Paul's story

Paul's story

Paul had several distressing experiences as a young person and became depressed and suicidal. He was admitted to hospital on several occasions in his 20's. Paul has bipolar disorder and was first referred to Advance through his social worker after having had a nervous breakdown. At the time he was living in a hostel in the Worcester area and needed a permanent place to call home.

His first experience of Advance was moving into one of our one-bedroom supported living flats where he lived happily for several years and generally felt better in himself. However, Paul felt he needed more independence and his own space. He saw an article about HOLD in Advance Times, the Advance customer newsletter, and knew that he wanted to look into shared ownership and that he wanted to apply.
Happily Paul was able to find a property and purchase it with the support of the benefits he received. In 2004 he moved into his own 3 bedroom house in the Worcester area, which he loves. Since moving in he has gradually been able to increase his share of ownership.

Paul is a keen artist and uses his work to help him deal with his mental health condition and to find peace. Many of his drawings and paintings are displayed on the walls of his home. He has submitted a number of his pieces of work to local competitions and has had his work appear in the pages of Advance Times.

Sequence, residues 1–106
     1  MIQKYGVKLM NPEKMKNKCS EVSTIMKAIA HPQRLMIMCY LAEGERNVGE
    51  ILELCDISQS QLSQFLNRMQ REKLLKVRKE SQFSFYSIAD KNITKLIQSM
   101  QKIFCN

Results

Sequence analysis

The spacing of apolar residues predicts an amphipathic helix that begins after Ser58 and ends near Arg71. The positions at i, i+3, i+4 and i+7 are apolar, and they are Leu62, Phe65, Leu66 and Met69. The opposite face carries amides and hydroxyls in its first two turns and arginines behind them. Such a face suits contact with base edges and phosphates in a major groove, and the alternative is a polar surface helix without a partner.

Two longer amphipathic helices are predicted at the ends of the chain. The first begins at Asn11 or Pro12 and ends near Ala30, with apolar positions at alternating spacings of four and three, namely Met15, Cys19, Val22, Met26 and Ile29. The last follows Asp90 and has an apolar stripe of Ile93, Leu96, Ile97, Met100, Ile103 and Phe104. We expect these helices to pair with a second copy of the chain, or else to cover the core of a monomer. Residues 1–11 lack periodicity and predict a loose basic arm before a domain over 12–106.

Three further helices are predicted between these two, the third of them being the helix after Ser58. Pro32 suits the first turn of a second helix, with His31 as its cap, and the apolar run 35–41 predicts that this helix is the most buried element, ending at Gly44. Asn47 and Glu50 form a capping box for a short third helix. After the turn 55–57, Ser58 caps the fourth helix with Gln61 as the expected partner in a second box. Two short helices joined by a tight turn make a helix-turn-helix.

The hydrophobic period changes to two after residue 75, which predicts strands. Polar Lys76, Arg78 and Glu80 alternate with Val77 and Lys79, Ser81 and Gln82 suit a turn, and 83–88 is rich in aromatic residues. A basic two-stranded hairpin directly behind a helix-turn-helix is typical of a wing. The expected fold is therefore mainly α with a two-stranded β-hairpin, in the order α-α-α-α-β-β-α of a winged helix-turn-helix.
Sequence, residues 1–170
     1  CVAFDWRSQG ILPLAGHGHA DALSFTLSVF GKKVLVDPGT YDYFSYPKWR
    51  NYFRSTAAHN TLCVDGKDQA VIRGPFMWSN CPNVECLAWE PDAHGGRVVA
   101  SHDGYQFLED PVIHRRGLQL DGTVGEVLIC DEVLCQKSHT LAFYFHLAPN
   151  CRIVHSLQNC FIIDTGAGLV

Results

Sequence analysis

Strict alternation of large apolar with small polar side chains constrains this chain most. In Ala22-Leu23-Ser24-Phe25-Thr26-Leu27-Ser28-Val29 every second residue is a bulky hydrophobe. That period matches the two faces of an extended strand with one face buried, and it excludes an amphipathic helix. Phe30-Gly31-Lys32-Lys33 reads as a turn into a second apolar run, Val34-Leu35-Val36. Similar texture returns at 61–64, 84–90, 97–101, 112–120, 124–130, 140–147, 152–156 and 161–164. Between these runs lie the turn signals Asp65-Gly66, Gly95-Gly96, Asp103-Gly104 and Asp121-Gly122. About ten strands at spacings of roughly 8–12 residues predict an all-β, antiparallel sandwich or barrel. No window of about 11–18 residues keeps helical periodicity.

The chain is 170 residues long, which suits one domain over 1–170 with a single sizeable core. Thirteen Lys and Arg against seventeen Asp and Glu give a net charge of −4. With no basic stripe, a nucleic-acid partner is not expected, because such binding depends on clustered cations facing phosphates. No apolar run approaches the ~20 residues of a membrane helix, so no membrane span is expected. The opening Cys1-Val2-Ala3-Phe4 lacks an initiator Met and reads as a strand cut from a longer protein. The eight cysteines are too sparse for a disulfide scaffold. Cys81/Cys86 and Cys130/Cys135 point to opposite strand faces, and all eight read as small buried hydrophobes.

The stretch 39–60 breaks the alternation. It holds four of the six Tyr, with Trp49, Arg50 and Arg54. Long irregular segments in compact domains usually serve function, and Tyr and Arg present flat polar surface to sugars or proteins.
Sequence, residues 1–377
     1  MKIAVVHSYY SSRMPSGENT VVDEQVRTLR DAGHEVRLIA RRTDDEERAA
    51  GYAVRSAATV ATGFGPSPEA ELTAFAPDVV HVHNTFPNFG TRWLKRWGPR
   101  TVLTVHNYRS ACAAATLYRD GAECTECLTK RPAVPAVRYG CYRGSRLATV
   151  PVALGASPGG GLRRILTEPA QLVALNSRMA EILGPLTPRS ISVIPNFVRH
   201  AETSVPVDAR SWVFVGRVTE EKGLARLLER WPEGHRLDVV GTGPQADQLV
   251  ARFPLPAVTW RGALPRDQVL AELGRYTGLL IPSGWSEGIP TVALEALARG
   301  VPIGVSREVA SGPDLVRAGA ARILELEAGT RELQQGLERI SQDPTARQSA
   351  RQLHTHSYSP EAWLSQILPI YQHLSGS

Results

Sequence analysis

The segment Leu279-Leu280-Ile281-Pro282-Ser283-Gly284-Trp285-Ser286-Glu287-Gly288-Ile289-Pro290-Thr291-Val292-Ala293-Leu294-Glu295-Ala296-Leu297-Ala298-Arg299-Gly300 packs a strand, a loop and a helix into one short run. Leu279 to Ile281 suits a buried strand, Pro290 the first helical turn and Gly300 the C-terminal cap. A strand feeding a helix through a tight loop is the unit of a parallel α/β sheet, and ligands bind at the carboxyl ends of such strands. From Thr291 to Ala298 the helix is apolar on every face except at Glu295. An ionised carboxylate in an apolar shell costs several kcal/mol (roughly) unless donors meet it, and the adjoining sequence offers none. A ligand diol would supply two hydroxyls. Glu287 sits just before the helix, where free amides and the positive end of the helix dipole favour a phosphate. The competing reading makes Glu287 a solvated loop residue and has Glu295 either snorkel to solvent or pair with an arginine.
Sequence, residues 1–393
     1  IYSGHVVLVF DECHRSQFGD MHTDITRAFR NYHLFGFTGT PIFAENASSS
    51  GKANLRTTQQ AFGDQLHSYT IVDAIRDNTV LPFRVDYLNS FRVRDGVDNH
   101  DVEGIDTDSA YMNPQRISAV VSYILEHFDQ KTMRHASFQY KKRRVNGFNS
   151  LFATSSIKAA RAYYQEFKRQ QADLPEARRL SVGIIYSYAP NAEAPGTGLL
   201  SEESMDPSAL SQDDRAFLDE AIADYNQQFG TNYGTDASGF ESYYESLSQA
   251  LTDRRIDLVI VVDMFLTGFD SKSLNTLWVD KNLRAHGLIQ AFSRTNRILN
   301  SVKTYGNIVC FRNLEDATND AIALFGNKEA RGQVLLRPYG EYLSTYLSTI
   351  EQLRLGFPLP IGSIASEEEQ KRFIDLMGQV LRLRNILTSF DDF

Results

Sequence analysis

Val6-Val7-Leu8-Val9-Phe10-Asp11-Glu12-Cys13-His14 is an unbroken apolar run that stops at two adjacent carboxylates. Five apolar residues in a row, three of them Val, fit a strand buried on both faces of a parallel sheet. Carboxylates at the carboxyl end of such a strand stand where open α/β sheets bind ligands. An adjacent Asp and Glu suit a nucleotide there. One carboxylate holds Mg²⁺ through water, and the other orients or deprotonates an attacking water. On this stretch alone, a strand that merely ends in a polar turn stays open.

Shared ownership gave Paul the independence and freedom to live as he wanted. HOLD enabled him to find a property in the area where he grew up and establish a permanent base there. It also happens to be where his brothers live and makes it easy for them to visit him regularly.
By having his own garden Paul has been able to explore his passion for gardening. He grows roses, peonies and strawberries in the back garden and takes great pride in it. He likes to spend his time sitting outside, admiring his plants and listening to the birds. Having the stability of a permanent home in the area has also enabled him to enrol in various short courses at his local college, taking up IT, creative writing and Spanish and he is able to regularly attend a local mental health survivor’s support group in Worcester.

The positive impact of Paul living in his own home means that for the last 14 years he has not needed to be hospitalised once. Paul can sum it up best in his own words: “ I love it here. My home has given me a sense of freedom. It is brilliant.’